In under an hour, Walmart Canada sold out of its latest release of PlayStation 5 consoles, leaving many customers out of luck and complaining of “bots” buying out the device and various website issues.
The company said a limited quantity of Sony’s (SNE) next-generation consoles would be available on its site on Thursday for a brief period of time.
Walmart also said it would have a limited quantity of Microsoft’s (MSFT) next-generation console series available, but shortly after the PS5 sold out, Walmart Canada’s gaming-related Twitter account posted that it was “postponing” that release to tomorrow.
Many customers trying to get the PS5 were able to add a console to their cart, but were immediately told the product was sold out when trying to check out.
How can I make it all the way to check out payment and then get knocked off!!! Walmart really dropped the ball!!!
— C (@C57387519) December 3, 2020
You guys should do raffle to buy items like this. Only resellers with bot will buy all your hype products. Its been going on for years, you should know it by now.
— ApoNgLoloKo (@MambaJs) December 3, 2020
If I have an item in my cart. I should be able to complete that purchase. Atleast within a certain time frame and not be told 2 seconds later its out of stock
— Gambino3005 (@AdultGambino3k5) December 3, 2020
Use CAPTCHA so bots can’t buy: Wong
Jane Manchun Wong, a social media and website feature researcher, said in an interview that companies should find better ways to reduce the number of “bots” from purchasing products during flash sales or new product availabilities.
“[Companies can] find a way to reduce the automated bots from gaming the system. In other words, verify whether the customers are real,” she said. “A simple CAPTCHA mechanism can prevent bots from automatically buying up everything in a short amount of time.”
Another way that would probably make the experience more seamless, Wong said, would be for sites to offer an SMS confirmation.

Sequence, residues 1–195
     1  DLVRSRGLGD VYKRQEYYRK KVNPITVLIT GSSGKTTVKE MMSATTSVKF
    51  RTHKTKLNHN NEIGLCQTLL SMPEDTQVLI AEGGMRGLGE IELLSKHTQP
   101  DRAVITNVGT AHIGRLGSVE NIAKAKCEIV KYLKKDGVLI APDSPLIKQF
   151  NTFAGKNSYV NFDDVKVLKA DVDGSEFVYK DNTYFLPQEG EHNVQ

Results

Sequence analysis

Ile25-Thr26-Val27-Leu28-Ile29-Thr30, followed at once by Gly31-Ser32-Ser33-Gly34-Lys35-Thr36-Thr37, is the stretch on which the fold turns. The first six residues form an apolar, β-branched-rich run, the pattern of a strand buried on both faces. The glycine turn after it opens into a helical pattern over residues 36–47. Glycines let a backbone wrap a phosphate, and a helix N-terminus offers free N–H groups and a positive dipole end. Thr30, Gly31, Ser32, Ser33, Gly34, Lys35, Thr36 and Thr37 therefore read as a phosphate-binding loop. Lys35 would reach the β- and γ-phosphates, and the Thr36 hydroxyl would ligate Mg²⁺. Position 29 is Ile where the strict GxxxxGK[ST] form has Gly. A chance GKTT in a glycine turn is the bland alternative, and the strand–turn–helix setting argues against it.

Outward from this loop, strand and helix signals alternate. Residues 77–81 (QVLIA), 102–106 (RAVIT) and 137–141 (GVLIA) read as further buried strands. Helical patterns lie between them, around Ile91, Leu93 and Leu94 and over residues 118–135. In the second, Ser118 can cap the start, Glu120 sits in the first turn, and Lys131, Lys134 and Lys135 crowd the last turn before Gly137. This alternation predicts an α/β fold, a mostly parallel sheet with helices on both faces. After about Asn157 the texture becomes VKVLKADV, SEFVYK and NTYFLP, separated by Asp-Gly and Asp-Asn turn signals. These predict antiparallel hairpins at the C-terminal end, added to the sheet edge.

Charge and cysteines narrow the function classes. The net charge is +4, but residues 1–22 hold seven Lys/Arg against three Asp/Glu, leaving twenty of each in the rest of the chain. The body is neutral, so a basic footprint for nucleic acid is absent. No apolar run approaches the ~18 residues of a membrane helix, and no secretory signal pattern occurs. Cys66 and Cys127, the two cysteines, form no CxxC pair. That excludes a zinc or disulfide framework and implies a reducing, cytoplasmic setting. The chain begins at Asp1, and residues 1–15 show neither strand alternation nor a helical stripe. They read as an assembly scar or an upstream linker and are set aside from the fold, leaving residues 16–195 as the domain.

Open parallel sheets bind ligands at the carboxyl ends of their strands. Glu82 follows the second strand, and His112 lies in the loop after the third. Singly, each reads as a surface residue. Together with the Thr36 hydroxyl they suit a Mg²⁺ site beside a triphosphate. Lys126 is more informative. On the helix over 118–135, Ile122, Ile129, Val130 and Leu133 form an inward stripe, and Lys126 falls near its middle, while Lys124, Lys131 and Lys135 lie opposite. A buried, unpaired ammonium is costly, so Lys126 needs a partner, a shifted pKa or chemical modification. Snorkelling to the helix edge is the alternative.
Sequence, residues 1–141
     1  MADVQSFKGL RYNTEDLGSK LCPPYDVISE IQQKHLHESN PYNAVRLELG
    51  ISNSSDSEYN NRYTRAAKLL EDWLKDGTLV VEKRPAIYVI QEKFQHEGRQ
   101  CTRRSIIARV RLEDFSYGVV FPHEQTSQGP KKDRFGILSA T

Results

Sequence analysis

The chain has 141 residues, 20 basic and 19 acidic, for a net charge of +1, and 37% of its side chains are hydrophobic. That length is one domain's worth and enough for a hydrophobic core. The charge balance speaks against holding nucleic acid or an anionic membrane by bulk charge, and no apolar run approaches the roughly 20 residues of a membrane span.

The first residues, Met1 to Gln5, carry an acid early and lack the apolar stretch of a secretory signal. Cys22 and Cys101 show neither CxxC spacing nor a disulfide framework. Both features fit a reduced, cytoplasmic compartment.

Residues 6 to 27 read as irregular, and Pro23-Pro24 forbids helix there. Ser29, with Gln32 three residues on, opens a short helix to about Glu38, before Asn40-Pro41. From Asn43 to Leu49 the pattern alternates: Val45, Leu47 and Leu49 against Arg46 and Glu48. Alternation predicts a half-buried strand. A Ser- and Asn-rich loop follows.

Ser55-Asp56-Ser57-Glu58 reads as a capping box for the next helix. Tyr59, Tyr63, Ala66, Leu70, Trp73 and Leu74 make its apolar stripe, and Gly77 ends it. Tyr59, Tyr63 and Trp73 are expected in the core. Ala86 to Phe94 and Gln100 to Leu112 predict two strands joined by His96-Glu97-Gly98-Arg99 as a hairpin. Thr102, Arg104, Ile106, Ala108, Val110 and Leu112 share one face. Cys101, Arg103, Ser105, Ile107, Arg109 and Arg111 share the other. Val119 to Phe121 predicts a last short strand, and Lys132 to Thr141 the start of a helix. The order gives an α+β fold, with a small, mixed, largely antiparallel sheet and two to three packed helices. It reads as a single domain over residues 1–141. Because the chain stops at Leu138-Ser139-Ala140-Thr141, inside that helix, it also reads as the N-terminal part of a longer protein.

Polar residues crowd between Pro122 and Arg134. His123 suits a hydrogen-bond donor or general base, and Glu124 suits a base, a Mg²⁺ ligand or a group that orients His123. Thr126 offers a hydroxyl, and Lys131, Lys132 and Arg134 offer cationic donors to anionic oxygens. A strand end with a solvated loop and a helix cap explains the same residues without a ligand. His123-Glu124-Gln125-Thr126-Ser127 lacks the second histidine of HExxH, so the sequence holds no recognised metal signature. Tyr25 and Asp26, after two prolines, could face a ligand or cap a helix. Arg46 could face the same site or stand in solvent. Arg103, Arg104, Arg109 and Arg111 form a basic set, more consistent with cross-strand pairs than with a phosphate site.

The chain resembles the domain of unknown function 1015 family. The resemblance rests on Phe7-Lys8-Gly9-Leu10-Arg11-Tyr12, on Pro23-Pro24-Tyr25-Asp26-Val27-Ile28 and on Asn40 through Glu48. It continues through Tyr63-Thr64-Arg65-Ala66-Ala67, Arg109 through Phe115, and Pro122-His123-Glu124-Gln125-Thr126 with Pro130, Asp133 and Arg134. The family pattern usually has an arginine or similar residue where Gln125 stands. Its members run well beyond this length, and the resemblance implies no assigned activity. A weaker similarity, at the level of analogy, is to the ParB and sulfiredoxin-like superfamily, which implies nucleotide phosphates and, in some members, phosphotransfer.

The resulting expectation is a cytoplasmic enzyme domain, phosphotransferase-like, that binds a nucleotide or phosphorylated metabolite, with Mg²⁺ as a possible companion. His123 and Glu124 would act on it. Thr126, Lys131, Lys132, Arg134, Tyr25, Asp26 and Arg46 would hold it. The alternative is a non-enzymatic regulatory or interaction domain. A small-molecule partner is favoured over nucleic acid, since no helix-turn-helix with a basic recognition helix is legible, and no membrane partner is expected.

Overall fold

“It’s not as easy to own a huge amount of phone numbers. That should add another speed bump on such automation,” she said.
Alternatively, for coveted products, Wong said it might make more sense for websites to put people on a waiting list.
“And on a set date and time, randomly pick a first batch of customers to proceed with the purchase,” she said.
Yahoo Finance Canada reached out to Walmart Canada for comment on website issues but did not get a response in time for publishing.
COVID-19 changed the way of buying coveted products: Lachman
Richard Lachman, an expert on tech user experience and associate professor at Ryerson University, said in an interview that COVID-19 has shifted the way many companies are selling coveted products and are simply not prepared for this new model.
“What retailers normally do is they would have a line up outside at Best Buy or Walmart for electronic devices. That’s how they would build up attention and they would have a limited quantity and people would camp out overnight,” he said.
“But now we’re shifting to online and it’s putting a strain on these retailers that they weren’t ready for.”
Lachman said companies should take inspiration from the sale of concert tickets.
“Maybe they release something at a particular time and then you have a spot in line and you have a limited amount of time to complete your transaction,” he said, adding that many concert sites ramp up server capacity to ensure site crashes don’t take place.
Lachman added that likely this was an oversight by Walmart not realizing and asking “this is going to be a limited demand item, is our system up to this?”